How to Grind Coffee for Percolators: A Beginner’s Guide

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Coffee lovers know that there are many options in terms of coffee-making techniques and appliances.

Using a percolator is a traditional but popular way to make coffee, so you’re not alone if you just bought one.

Right now, you are probably wondering how to grind coffee for percolators.

Some people are fine with using pre-ground beans for their coffee, which is understandable since taking this route is more convenient.

However, every self-respecting, die-hard coffee enthusiast knows that freshly ground coffee is the way to go.

So what is the best grinding process for this particular brewing method?

Let’s find out and look at why it’s better to grind your beans and why you should get it right.

Why You Should Use Freshly Ground Coffee

True coffee lovers live by a few golden rules, and one of them is to use freshly ground coffee at all times.

There are many reasons you should adopt this way of thinking.

Let’s start with what makes coffee great: flavor and aroma.

These are non-volatile compounds, but exposure to air oxidizes them, which leaves you with a stale drink.

However, you minimize their interaction with oxygen by storing your coffee as whole beans. 

As a result, you lock the important substances in and keep your coffee fresh for a longer time.

What is more, roasted beans have carbon dioxide, which counteracts the oxidation process.

You would not want to disrupt this state too early and release these substances.

Now you might wonder, why not load the whole beans straight into your percolator?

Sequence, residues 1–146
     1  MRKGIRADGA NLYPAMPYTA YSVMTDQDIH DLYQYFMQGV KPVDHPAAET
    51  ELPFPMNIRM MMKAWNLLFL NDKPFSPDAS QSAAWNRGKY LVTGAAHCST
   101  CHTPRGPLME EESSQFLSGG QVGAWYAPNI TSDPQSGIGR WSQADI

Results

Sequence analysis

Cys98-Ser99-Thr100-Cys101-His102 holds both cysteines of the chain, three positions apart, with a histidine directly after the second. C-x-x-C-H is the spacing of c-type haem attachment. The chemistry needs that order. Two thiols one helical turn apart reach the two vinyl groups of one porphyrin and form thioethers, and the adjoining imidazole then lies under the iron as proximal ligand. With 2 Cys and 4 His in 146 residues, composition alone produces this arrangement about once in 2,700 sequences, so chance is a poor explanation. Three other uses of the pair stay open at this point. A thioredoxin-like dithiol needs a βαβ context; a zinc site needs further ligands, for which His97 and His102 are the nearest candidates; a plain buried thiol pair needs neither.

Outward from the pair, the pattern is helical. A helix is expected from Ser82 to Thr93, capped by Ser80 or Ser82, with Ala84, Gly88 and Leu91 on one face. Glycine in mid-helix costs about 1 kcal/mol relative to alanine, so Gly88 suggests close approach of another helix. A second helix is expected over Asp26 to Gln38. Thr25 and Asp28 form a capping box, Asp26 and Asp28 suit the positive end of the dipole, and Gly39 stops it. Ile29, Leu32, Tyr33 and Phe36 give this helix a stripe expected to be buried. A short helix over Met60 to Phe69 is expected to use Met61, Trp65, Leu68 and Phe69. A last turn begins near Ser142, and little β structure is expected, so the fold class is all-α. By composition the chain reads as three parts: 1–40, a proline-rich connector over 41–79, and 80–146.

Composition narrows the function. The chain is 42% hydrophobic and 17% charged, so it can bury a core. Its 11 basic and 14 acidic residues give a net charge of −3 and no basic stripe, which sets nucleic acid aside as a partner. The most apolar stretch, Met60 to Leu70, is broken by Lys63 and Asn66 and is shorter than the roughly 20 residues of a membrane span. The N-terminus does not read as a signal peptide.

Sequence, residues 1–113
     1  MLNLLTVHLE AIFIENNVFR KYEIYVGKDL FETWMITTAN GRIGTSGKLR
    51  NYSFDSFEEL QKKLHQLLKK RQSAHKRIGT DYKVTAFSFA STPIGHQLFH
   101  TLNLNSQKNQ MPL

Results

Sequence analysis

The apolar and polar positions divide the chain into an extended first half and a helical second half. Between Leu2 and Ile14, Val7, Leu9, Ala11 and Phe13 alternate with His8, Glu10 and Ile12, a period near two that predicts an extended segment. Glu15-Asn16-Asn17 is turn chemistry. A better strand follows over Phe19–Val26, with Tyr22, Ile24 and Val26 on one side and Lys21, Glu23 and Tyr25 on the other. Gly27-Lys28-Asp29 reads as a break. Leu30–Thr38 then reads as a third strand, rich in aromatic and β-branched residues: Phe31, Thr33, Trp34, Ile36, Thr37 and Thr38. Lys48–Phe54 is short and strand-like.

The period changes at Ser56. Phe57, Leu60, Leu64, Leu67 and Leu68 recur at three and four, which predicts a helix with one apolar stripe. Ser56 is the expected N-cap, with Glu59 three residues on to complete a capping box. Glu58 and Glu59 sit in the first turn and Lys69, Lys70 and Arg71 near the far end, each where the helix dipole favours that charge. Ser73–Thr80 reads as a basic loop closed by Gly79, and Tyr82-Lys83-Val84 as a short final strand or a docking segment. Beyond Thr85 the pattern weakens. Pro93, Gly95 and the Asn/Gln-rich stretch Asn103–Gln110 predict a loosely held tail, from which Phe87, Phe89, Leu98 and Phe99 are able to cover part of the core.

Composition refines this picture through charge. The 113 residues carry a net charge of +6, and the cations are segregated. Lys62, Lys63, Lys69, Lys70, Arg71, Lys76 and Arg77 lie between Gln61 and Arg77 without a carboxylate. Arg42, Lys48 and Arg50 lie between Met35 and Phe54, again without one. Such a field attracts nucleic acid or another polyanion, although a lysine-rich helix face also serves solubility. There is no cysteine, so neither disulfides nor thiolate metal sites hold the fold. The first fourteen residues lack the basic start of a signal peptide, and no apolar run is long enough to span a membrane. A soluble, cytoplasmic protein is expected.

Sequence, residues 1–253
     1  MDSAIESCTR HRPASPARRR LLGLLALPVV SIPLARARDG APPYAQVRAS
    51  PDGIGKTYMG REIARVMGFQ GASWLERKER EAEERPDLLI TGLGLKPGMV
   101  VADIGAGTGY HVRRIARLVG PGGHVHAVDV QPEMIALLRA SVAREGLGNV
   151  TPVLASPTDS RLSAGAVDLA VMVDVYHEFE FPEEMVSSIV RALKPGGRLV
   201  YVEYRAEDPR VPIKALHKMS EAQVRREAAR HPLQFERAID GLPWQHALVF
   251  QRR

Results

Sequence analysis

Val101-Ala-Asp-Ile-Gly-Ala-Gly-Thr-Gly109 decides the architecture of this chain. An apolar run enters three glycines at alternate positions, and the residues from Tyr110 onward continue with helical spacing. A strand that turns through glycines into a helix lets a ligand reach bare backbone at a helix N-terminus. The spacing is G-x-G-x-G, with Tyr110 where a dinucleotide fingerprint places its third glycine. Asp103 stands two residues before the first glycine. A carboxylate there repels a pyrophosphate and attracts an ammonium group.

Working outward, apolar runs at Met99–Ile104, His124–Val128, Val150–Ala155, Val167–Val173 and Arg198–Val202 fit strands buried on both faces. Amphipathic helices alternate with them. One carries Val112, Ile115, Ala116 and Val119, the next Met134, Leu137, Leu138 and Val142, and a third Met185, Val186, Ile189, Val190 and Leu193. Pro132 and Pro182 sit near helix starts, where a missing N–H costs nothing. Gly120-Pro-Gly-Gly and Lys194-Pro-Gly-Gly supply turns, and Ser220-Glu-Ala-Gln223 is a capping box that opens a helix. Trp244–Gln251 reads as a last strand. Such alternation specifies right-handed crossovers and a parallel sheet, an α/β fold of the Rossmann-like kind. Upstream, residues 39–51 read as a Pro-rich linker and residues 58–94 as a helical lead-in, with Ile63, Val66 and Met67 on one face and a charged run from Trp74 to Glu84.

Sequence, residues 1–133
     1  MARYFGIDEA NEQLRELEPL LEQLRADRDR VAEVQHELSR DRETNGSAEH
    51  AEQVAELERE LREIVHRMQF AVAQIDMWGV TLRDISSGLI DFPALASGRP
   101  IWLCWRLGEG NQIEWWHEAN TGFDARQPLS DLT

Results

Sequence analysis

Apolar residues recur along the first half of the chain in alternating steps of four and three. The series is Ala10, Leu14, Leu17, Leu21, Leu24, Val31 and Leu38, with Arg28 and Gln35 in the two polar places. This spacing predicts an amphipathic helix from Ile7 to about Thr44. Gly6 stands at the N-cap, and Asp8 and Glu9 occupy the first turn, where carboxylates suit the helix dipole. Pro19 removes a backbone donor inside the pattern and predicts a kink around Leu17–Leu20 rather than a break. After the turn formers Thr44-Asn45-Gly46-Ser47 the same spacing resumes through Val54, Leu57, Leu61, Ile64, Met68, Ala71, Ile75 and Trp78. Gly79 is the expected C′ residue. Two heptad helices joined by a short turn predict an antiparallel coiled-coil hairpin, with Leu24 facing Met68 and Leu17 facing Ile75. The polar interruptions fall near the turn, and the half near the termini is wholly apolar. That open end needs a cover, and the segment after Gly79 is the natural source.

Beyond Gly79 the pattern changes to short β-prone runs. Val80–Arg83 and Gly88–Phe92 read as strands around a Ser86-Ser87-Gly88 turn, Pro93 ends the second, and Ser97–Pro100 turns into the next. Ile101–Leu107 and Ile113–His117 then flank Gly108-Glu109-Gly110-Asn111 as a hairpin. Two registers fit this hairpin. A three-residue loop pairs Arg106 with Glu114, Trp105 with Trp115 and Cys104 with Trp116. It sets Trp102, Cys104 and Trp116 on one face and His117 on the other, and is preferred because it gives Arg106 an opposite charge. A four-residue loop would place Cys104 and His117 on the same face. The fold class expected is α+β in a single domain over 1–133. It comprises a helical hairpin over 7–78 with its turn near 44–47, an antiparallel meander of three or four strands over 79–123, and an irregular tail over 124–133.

When brewing, the hot water needs to make contact with the coffee to extract the flavor.

So if the beans are whole, their surface area is not maximized.

You won’t be able to get all the oils, alkaloids, and other good things that make coffee great. 

In other words, the best route to a perfect cup of coffee is to store whole beans and grind them before brewing.

Why Grind Size Is Important in Brewing

As mentioned in the previous section, a big part of the brewing process is the surface area of your coffee grounds.

It determines how much of the non-volatile compounds get extracted given a set amount of time.

Breaking the whole beans into smaller pieces increases the total contact surface.

It shows that the size of your grounds is important and can make or break your brewing process.

The required contact time varies from one brewing method to another, so each one requires a specific grind size.

For instance, the hot water only passes through the coffee grounds in an espresso maker. 

Since the contact time is less than a minute, it needs fine coffee grounds for the process to work.

Using a percolator requires several minutes, so you should go with coarse coffee grounds.

Aside from the grind size, you need to consider its consistency.

If the coffee particles vary greatly in size, you won’t be able to achieve an even extraction.

Some parts of your coffee will be weak, while other parts will be too bitter.

That is why it is very important to find a grinder with the right size and grind quality, especially for percolators.

tips on how to grind coffee for percolator

How a Percolator Works

The word “percolate” literally means to filter through a porous surface, so this should give you a good idea of how it works.

In a coffee percolator, boiling water passes through the coffee grounds in a continuous cycle until the desired strength is achieved.

The pot consists of a bottom chamber where the water goes and a perforated top chamber where the grounds are placed.